A common problem among many weightlifters is one muscle group being larger than the other, especially in regards to the two muscles of the upper arm.
In certain cases, this shows as the biceps brachii muscle at the front of the upper arm being larger than the triceps brachii that makes up the back and sides of the upper arm, creating an uneven appearance.
Fortunately, if you suffer from having larger biceps than your triceps, fixing it is quite simple and does not involve any excessive alteration in programming or training modalities.
The two largest and most visible muscle groups of the upper arm are the triceps brachii and the biceps brachii, named so because of the number of individual “heads” each muscle group possesses.
The triceps brachii is primarily responsible for adductive motion and stabilization of the shoulder joint - as well as nearly double the size of the biceps brachii in terms of proportion.
The biceps brachii, on the other hand, only accounts for approximately one-third of the arm’s total skeletal muscle mass, and is responsible for pulling motions that draw the forearm inward.
As one may guess; in most cases, it is the triceps that should be bigger than the biceps, not the other way around. When such a discrepancy occurs, it is referred to as a muscular imbalance.
Generally, the biceps will end up larger in size than the triceps due to improper training methods.
Whether this is due to incorrect workout programming, excessive volume and resistance, poor recovery methods or even simply utilizing the wrong form of stimulus - when a muscular imbalance occurs, it is usually the lifter’s workout that is the culprit.
A muscular imbalance is one muscle group being out of proportion to another related muscle group, either in terms of work capacity or in terms of raw mass - both of which will result in disadvantages during athletic activities.
While muscular imbalances usually occur when one muscle is larger than its counterpart on the opposite side of the body, it is also possible to have a muscular imbalance between two muscles on the same side, such as would be the case in the triceps and biceps.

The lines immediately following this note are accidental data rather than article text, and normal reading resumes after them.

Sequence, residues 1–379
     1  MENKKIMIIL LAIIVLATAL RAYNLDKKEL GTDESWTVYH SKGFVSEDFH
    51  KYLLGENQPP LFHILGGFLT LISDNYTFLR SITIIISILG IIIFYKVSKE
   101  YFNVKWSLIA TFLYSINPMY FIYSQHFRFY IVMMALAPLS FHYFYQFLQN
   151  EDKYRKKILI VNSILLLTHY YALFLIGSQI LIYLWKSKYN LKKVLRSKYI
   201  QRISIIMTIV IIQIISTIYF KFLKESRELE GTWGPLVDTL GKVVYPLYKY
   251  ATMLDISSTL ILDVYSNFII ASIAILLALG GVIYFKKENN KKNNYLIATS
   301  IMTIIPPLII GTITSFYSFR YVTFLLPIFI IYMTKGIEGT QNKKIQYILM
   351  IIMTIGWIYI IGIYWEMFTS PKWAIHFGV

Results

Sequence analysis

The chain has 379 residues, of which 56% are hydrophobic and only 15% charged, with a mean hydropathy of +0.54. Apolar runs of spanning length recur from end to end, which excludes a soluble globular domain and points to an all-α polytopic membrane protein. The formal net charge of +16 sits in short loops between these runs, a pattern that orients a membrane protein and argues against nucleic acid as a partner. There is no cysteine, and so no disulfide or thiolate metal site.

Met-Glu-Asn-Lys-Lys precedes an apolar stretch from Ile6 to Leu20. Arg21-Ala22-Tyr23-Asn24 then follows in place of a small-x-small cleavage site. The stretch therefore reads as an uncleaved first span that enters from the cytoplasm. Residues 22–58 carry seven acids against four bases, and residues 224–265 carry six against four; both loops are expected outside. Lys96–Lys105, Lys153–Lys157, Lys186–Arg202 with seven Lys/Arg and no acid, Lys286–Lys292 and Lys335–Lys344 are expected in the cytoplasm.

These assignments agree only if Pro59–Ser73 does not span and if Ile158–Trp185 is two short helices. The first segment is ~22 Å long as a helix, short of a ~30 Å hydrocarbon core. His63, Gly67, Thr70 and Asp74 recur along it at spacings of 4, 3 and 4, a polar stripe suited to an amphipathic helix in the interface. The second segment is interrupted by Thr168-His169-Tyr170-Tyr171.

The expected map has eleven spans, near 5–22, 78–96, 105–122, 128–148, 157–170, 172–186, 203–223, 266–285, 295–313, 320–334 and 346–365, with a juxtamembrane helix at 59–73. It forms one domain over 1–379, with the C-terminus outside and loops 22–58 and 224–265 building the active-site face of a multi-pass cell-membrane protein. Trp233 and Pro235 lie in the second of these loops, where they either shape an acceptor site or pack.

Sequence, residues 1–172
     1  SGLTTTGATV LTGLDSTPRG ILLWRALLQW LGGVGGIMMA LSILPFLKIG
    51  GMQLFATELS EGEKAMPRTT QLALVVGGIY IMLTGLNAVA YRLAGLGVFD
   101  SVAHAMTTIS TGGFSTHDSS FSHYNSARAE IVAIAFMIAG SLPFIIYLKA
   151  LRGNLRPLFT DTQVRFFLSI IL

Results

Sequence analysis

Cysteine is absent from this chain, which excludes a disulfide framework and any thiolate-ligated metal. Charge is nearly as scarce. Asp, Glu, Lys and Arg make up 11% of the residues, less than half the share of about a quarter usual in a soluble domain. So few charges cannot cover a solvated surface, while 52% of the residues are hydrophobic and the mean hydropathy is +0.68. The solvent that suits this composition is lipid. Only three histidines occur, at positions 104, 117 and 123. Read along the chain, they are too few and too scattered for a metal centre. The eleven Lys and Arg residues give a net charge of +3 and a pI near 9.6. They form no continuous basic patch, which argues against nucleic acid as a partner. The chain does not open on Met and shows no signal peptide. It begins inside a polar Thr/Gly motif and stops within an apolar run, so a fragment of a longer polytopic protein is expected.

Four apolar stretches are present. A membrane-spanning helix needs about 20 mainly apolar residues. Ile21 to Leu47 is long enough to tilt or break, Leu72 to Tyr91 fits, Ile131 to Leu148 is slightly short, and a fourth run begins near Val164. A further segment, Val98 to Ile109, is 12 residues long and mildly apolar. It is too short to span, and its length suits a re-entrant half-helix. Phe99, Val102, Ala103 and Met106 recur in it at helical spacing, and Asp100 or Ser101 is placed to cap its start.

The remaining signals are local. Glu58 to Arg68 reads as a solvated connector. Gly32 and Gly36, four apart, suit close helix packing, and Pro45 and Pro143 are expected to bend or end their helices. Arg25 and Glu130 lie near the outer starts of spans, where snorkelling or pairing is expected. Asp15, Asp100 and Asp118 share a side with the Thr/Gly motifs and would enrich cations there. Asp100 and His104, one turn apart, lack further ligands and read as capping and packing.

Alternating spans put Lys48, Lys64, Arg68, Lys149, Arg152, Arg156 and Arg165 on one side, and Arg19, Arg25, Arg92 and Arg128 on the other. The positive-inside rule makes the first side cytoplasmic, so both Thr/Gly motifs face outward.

Fortunately, muscular imbalances are relatively easy to fix, and are rarely ever a sign of a deeper health problem.
Now that we have covered the background of why your biceps may be larger than your triceps, it is time to delve into how to fix such an issue.
While the most likely culprit of having larger biceps than triceps is improper training methods, it is also an issue that is best fixed by utilizing similarly unbalanced training techniques.
This will include subsequent restructuring of the workout program, a reduction in total biceps brachii volume and even the addition of several other exercises meant to target the triceps brachii so as to accelerate its growth.
The first step to take when beginning to fix an unbalanced triceps to biceps ratio is to first assess one’s training program. For novice exercisers, this may be rather difficult, and it is best to seek out the advice of an athletic coach in such circumstances.
A training program with excessive biceps-dominant exercises such as rows, pull-ups, curls or other underhand exercises is the most likely cause - as it is pushing exercises that utilize the triceps the most - as with the case with calisthenics for example.
Ideally, a proper training program will have an equal amount of volume of pulling and pushing upper body exercises, with just as many sets of rows being performed as the bench press or military press, for example.
Furthermore, one must also examine the sort of exercises that are being performed - are the triceps-dominant exercises of the machine or bodyweight variety? Do they recruit other muscle groups that may overshadow the triceps brachii, such as the deltoids or the pectoral muscles?
And finally, there is also the case of accessory exercises, wherein the workout program may induce significantly greater biceps training stimulus simply because more isolation exercise volume recruits the muscle.
Once the exerciser has reassessed their workout program and identified the issues that lead to their muscle imbalance, they must then increase the total isolation exercise volume placed on their triceps.